Trends of diphtheria-tetanus-pertussis (DPT3) vaccination coverage in Afghanistan 2016-2017, changes and comparisons: a teaching case-study
Ajmal Zahed1,&, Salamuddin Hakim2, Yousef Khader3, Malak A Shaheen4
1Afghanistan National Public Health Institute, Afganistan, 2Ministry of Public Health, Kabul, Afghanistan, 3Jordan University of Science and Technology, Jordan, 4Ain Shams University, Egypt
Ajmal Zahed, Afghanistan National Public Health Institute, Afganistan
If all countries are to reach at least 90% DTP3 vaccination coverage, 9.9 million additional children would need to be vaccinated in 64 countries. Of these children, 7.3 million live in “fragile states”, that is, those countries affected by conflict and/or humanitarian crises; 4 million of these children live in just three countries – Afghanistan, Nigeria and Pakistan – where access to routine immunization services is critical to achieving and sustaining polio eradication as well. According to 2016 data, of these 64 countries, 23 are non-Gavi eligible lower-middle-income countries (representing 1.2 million infants), 39 are supported by Gavi (with 8.6 million un- and under-vaccinated) and two are high-income countries. By the end of 2014, 18.7 million children under the age of 1 year had not received three doses of diphtheria-tetanus-pertussis (DPT3). Three-quarters of children who have not received DPT3 coverage are living in Afghanistan.
In Afghanistan, the DPT showed low coverage in 2017 compared to 2016. In this case study, we are going to compare vaccination coverage in 2017 with that in 2016 in Afghanistan. This case study aims to simulate the analysis of vaccination coverage and identifying reasons for low vaccine coverage.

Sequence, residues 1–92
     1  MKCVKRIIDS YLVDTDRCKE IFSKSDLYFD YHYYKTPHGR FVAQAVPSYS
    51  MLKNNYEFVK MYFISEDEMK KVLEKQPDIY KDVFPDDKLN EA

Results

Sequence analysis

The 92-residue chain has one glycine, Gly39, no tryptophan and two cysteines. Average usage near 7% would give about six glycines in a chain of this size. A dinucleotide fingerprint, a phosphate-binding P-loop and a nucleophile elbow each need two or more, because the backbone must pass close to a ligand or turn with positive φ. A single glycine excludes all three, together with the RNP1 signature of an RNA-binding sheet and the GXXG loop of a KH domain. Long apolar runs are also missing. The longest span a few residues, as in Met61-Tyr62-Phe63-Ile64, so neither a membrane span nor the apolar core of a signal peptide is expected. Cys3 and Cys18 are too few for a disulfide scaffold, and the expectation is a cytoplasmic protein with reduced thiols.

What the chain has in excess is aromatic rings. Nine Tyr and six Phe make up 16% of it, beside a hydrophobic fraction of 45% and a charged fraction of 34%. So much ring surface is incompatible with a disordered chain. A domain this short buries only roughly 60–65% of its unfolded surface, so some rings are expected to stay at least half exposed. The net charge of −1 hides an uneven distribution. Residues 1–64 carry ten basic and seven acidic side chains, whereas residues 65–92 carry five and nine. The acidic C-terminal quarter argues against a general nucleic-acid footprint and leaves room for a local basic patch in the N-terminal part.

How to use this case study
General instructions: this case study should be used as adjunct training material for novice epidemiology trainees to reinforce the concepts taught in prior lectures. The case study is ideally taught by a facilitator in groups of about 20 participants. Participants are to take turns reading the case study, usually a paragraph per student. The facilitator guides the discussion on possible responses to questions. The facilitator may make use of flip charts to illustrate certain points. Additional instructor’s notes for facilitation are coupled with each question in the instructor’s guide to aid facilitation.
this case study was developed for novice field epidemiology students. These participants are commonly health care workers working in the county departments of health whose background may be as medical doctors, nurses, environmental health officers or laboratory scientists who work in public health-related fields. Most have a health science or biology background.
before using this case study, participants should have received lectures on disease surveillance and outbreak investigation.
Flash drive, flip charts, markers, computers with MS Excel
Level of training and associated public health activity:
Novice – Vaccination coverage Epidemiological profile
Case study material
- Download the case study student guide
- Request the case study facilitator guide
The authors declare no competing interests.
Authors would like to acknowledge The Eastern Mediterranean Public Health Network (EMPHNET) for their technical support. We also wish to appreciate the Afghanistan National Public Health Institute, Including Dr, Bashir Noormal, Dr. Iqbal Aman, Dr. Sayed Murtaza Hofiani and Dr. Khalid Arman National EPI/MOPH Manager, Kabul, Afghanistan.
- Raveesha Mugali R, Farooq Mansoor, Sardar Parwiz et al. Improving immunization in Afghanistan: results from a cross-sectional community-based survey to assess. BMC Public Health. 2017; 17: 290. PubMed | Google Scholar